Most people do not think of pork as a health food. They think that pork is bad and clogs the arteries. Let’s put that to rest.
Good Pork/Bad Pork
First of all, there is good pork and there is bad pork. I eat only the good pork. By this I mean that the animal is raised humanely on land where they can roam and root around with their nose and get sunshine on their skin. Good pork is from an animal raised on pasture – truly free-range.
Bad pork comes from concentrated animal feeding operations (CAFOs). These are inhumane operations that keep the animals in unspeakable conditions and are downright disgusting. These are entirely for-profit operations and have nothing to do with nutrient value and/or sustainability.
Sadly, most of the people in this country eat the bad pork. These animals are fattened with GM and pesticide laden cereal grains and skim milk.
Think about that for a minute.
Americans are told to eat cereal and skim milk for breakfast – to keep things low fat. What has this been doing to the population? Look around in a mall.
Good pork yields fat (lard) that is full of vitamin D and is approximately 47% monounsaturated fat, just like the fat in olive oil. Monounsaturated fat has always been viewed as healthy – and it is. Lard is also made up of 40% saturated fats and of that, 1/3 is beneficial stearic acid. Let’s not forget that it gives food a wonderful savory flavor as well.
Lard is perfect for high heat cooking because of the stability of the saturated fats. Saturated fats have been unfairly denigrated in favor of vegetable oils. However, it’s the rancid, processed vegetable oils that are the dangerous fats, especially when heated.
Traditional Preparation of Pork
It has been suggested to marinate the pork overnight (or at least for a few hours) in apple cider vinegar for added digestibility and to kill potential pathogens. Frankly, there is very little chance of pathogens in pork that has been raised humanely, but marinating fresh pork is a traditional way of preparing it. Cured pork (bacon) does not need to be marinated.
Adding root vegetables, including radish, compliments the savory softness of the meat with a mild spiciness that is truly satisfying. This meal sticks to your bones.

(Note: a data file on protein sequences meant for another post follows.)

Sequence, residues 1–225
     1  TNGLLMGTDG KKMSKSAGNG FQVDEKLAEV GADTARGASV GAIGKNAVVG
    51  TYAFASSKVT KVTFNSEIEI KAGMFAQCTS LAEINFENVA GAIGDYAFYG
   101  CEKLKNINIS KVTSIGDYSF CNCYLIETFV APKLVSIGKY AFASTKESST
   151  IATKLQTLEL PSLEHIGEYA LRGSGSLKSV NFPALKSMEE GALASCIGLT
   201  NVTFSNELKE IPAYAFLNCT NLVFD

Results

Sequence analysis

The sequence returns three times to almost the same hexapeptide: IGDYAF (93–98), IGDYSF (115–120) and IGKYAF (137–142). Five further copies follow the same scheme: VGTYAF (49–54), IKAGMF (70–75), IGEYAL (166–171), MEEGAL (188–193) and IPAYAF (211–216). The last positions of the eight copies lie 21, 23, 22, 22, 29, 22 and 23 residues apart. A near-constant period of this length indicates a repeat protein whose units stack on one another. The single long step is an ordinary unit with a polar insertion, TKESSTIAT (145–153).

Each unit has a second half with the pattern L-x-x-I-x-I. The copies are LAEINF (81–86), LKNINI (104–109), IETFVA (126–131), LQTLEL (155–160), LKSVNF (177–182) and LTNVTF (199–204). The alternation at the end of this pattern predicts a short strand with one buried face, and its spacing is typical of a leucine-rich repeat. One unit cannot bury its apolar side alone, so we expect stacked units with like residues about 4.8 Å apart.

For further discussion about other issues with pork see my previous post and recipe here.
To find a local source of humanely raised pork find your local WAPF chapter and ask for recommendations.
Here is another trusted source for humanely raised pork.
- 3 pound ham roast (where to buy pasture raised pork)
- 2 large apples (organic)
- 3 carrots
- 1 large onion
- 3 stalks of celery (organic)
- Radish root of any kind (1 cup chopped)
- 3 clove garlic
- 1 - 2 cup water or chicken stock (where to buy bone broth)| (how to make chicken stock)
- Salt and pepper to taste
- Rinse and pat dry the roast - you can add the salt and pepper to the meat at this point or later
- Heat the dutch oven on top of the stove
- Add some bacon fat or lard and brown the roast on both sides (about 4 minutes a side)
- Take the roast out of the dutch oven and add all the chopped vegetables except the apple chunks
- Cook the vegetables until softened (about 6 minutes)
- Place the roast over the vegetables and add the water (or chicken stock) and apple chunks
- Cover and place in a 325º F oven for 2 hours or until the internal temperature is 160º F.
- When done, let the roast rest for ten minutes and then slice and serve with the cooked vegetables, apples and juices from the pot.
- Dutch oven (Where to buy)
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These recipes are suitable for Paleo, SCD, GAPS and all grain free eaters.